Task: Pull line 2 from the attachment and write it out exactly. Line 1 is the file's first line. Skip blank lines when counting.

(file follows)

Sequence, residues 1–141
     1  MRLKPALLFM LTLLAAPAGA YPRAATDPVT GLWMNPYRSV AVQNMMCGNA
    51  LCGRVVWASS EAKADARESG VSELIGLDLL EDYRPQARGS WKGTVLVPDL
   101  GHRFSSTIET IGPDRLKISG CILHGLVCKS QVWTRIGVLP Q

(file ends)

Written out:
     1  MRLKPALLFM LTLLAAPAGA YPRAATDPVT GLWMNPYRSV AVQNMMCGNA